Sweden Wades Into Unknown Without Clear Path to Viable Coalition
(Bloomberg) -- Sweden’s political establishment contained a nationalist surge. Now it may need to throw away the old rules to form a viable government.
Both of Sweden’s traditional blocs, one led by the Social Democrats and one by the conservative Moderates, claimed victory after Sunday’s election that’s still too close to call. The nationalist Sweden Democrats surged to about 17.6 percent, but fell short of some polls showing it could emerge as the biggest amid a groundswell of anti-immigrant sentiment.
Sweden likely faces days, if not weeks, of tense discussions. Prime Minister Stefan Lofven has refused calls to resign, putting pressure on the opposition Alliance led by Moderate Party leader Ulf Kristersson. The Alliance is meeting to find common ground, but must also convince the nationalist Sweden Democrats to give it the necessary backing to rule.
At least one bank in Sweden took a look at the tight results and concluded that a failure to bridge differences can’t be ruled out. “A highly protracted government formation process, or even another election, can’t be ruled out,” Anders Bergvall, a senior economist at Svenska Handelsbanken, said in a note.
Lofven has tried through the campaign to shave off the two smaller alliance parties, the Center Party and the Liberals, from the center-right coalition. That has so far proved fruitless, but success will be key for him if he wants to survive a potential no confidence vote as soon as Sept. 25.
His case did a get small boost overnight when the Alliance lost one seat to the Sweden Democrats due to a miscount.
Carl Bildt, Sweden’s former conservative prime minister, said Lofven is unlikely to succeed. “I’m not quite certain that the voters of the Center party and the Liberals would like to see them to support a new government under Mr. Lofven,” he said in an interview with Bloomberg TV. “I think that’s quite unlikely.”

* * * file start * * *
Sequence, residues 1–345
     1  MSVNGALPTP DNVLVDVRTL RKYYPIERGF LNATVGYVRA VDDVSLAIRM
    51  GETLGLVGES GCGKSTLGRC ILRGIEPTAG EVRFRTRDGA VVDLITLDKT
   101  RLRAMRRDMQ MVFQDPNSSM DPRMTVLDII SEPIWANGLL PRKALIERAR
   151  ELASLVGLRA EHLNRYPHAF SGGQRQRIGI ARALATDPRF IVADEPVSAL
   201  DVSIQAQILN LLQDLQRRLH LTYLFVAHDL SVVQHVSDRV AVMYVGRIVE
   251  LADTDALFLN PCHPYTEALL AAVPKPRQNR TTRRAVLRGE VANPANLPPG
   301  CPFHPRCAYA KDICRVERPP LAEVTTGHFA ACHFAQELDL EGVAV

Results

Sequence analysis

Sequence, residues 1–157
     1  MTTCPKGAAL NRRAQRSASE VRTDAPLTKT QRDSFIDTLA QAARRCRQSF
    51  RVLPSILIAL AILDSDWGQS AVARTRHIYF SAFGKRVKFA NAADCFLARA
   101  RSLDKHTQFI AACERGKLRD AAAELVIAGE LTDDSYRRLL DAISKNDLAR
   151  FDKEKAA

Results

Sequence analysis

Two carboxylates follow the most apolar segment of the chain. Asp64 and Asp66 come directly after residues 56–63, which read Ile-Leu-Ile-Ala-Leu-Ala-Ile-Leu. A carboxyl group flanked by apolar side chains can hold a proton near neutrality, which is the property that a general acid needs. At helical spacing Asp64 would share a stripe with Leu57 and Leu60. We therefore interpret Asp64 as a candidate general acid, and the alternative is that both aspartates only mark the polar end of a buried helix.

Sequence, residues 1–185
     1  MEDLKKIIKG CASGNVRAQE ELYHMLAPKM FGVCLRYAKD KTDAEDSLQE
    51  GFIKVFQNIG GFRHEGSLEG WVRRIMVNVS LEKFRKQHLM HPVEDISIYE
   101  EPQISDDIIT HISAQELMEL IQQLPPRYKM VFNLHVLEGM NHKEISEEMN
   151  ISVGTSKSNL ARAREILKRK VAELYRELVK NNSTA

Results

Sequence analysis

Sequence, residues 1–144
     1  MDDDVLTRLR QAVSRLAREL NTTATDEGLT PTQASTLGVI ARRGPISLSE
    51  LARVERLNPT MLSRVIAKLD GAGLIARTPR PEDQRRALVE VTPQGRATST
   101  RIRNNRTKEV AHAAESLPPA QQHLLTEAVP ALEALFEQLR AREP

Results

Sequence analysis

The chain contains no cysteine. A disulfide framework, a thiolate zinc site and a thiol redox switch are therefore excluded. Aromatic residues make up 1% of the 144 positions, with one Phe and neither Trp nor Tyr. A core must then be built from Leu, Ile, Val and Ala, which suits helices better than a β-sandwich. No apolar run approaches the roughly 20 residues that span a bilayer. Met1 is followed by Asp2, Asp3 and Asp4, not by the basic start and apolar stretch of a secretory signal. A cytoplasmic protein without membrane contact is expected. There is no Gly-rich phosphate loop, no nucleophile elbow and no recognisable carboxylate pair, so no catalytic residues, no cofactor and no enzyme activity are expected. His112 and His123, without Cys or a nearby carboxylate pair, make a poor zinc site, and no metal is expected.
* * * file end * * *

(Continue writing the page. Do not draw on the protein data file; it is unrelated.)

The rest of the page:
After leading the Social Democrats to its worst result in history, Lofven on Sunday reiterated a plea that Sweden must move beyond left-right bloc politics to deny the nationalists influence. The election should be a “funeral” for bloc politics, he said.
The chief executive at Swedish insurer Folksam, Jens Henriksson, said that the only thing certain now is that the premier will be voted out when parliament reconvenes with a new speaker and that Kristersson will likely be asked to form a new government given the right-wing majority in parliament.
“Sweden is a stable democracy,” said Henriksson. “I don’t think it matters that much if the government formation process sways a bit for a few weeks, that won’t have a big effect on the economy.”
The Social Democrats’ leader in parliament, Anders Ygeman, met the press on Monday while Lofven kept a low profile, staying out of the limelight along with other party leaders. Ygeman reinforced his boss’ claims, saying as the biggest party the Social Democrats should continue to keep the prime minister’s job. Humility is now needed on all side, he said.
With just about 30,000 votes separating the blocs, and with many left to count, both parties are still waiting for the final tally due Wednesday.
The Moderates on Monday kept up pressure on Lofven to resign, saying the only clear alternative was an Alliance government. It’s also waiting for the final results, said Gunnar Strommer at press briefing. He ruled out talking to the nationalists.
In a post on Facebook, Kristersson said he had held constructive talks with his Alliance bloc colleagues, but that a lot of work remains.
Inviting the others for a dialog, Sweden Democrat leader Jimmie Akesson said on Monday that he would vote against any government that doesn’t give it influence, according Dagens Nyheter.
Sweden joins countries across Europe where tense negotiations have followed elections. It took 171 days for German Chancellor Angela Merkel to form her latest coalition and more than 220 days in the Netherlands in 2017, also after populist challenges.
Jan Olsson, the chief executive officer in the Nordic Region at Deutsche Bank AG, who’s also the chair of the Swedish Chamber of Commerce in London, said it will now be very difficult to govern. “But I think Sweden will muddle through. It will work out in the end as we saw in Germany’s latest election,” he said in a comment to Bloomberg.
For Sweden’s large companies the impact will be limited since they get more than 90 percent of their sales abroad, he said.
Henriksson, the Folksam CEO, said the result didn’t come as a surprise. “It shows that Sweden becomes like any other European country, with a weakened Social Democracy and a strong right-wing populist party. Sweden now looks a lot like France, before Macron.”
Bildt, who was also foreign minister in the conservative-led government that was voted out in 2014, said the election shows that there’s a large chunk of nationalist support that has to be acknowledged.
“But it also shows that a push back, and a defense of the basic values of our society, also is very important and does work,” he said in an interview with Bloomberg TV. “The new normal is that we have a more fractured political landscape, a more lengthy process of forming a government.”
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